In ‘momentous’ act, regulators approve demolition of four Klamath River dams
Klamath Tribes say the dams threaten salmon habitat
Klamath River dams: Salmon under threat in Klamath River: On the brink of a historic victory for tribal fishing in the Northwest, the U.S. Army Corps of Engineers has formally approved the planned demolition of four dams to clear salmon spawning habitat. The tribe has said that if the project proceeds, it could mean the collapse of the salmon run in the Klamath River Delta, creating the potential for starvation for the endangered steelhead. “The tribe would be very disappointed if this isn’t an affirmation of the value of their traditional fishing culture to this community and to their history and future,” said Richard Williams, a Klamath River tribal member and chairman of the Friends of Klamath River Fisheries. “The Corps is saying, ‘Yes, we realize that this cultural resource is vital to this community.'”
The Klamath Tribe and U.S. Army Corps of Engineers have reached a compromise to begin the process of demolishing four Klamath River dams. The decision is a watershed moment for tribal fishing, but a historic one for the people of the Klamath and all Oregonians who enjoy the clean salmon-rich water of our state’s river systems.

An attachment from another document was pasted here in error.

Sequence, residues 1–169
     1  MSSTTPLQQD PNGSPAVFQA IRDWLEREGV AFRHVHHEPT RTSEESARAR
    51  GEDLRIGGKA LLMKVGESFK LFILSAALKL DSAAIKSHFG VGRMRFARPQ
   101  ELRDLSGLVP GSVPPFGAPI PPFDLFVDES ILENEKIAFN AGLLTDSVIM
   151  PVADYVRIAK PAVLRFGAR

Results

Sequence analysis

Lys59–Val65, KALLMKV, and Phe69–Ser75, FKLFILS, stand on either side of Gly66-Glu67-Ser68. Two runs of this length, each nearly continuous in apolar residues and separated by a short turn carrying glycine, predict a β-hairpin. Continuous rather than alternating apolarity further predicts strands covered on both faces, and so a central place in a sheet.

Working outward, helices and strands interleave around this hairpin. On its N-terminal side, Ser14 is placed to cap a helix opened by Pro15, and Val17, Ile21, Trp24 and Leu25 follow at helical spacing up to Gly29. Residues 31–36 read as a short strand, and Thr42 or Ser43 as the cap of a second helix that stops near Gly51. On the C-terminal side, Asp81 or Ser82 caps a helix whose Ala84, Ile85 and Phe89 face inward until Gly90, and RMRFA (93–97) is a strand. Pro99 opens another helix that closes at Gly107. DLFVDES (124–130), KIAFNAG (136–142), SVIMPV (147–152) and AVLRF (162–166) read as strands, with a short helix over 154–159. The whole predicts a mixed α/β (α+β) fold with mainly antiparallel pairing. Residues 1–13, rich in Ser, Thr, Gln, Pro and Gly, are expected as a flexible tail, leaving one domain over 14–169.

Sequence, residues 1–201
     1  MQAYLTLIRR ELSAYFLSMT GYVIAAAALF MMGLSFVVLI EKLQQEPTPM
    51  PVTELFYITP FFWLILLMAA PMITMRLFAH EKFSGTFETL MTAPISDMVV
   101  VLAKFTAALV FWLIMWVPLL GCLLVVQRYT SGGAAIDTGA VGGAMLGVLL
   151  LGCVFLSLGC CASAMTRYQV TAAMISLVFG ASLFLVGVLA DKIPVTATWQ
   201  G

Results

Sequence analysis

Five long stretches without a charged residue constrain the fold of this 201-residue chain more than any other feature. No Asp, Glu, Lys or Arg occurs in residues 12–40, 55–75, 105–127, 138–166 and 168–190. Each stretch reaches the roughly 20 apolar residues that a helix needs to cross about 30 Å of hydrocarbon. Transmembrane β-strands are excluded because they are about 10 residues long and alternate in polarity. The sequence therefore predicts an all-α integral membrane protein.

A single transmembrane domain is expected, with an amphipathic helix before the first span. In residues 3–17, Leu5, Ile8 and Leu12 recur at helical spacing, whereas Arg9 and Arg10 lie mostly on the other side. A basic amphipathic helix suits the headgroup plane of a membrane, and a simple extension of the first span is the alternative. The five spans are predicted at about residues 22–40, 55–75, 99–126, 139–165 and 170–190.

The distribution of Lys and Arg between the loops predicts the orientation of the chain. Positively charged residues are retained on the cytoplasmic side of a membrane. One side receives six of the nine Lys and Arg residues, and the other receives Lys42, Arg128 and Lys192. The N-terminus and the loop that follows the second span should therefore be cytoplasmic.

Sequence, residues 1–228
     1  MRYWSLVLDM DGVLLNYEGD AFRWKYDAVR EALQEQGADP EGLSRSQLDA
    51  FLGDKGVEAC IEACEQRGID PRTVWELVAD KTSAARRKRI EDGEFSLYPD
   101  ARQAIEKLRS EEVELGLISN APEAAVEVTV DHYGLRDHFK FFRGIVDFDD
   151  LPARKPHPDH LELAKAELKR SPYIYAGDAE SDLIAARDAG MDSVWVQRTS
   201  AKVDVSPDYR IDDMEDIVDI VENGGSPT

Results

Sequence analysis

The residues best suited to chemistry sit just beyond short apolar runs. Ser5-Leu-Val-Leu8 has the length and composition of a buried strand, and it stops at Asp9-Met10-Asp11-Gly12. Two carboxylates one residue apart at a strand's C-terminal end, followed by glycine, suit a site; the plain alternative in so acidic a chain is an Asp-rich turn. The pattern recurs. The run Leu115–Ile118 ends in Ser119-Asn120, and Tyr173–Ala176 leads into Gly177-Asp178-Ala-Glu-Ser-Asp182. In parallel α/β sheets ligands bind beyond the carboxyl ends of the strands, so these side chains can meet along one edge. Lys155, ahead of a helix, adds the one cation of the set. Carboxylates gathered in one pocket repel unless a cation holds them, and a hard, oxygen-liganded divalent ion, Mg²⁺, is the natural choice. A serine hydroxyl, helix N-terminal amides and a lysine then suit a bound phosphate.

In a move that was long anticipated, the U.S. Army Corps of Engineers (USACE) has formally approved the planned demolition of four dams to clear salmon spawning habitat in the Klamath River Delta.
“This historic decision will protect endangered steelhead as well as the spawning habitats of the Pacific herring and Chinook salmon. This historic and groundbreaking decision marks another major victory for tribal fishing in the Pacific Northwest,” said U.S. Rep. Greg Walden (R-Hood River).
“This is huge for tribal fishing,” said Williams, chairman of the Friends of Klamath River Fisheries. “This fight is a fight for our future. The Klamath Tribe